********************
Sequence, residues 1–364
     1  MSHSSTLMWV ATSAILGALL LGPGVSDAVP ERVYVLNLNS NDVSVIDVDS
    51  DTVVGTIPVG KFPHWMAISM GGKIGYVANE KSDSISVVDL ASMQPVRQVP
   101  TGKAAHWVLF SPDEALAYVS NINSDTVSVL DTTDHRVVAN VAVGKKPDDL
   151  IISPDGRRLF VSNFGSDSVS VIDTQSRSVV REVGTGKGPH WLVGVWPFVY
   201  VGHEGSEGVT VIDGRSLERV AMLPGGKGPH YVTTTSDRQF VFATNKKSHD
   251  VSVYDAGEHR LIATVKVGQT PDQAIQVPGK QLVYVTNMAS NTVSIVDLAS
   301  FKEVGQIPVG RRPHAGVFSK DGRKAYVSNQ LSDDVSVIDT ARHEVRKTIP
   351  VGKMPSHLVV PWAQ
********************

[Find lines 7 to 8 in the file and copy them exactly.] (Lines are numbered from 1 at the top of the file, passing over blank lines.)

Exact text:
   251  VSVYDAGEHR LIATVKVGQT PDQAIQVPGK QLVYVTNMAS NTVSIVDLAS
   301  FKEVGQIPVG RRPHAGVFSK DGRKAYVSNQ LSDDVSVIDT ARHEVRKTIP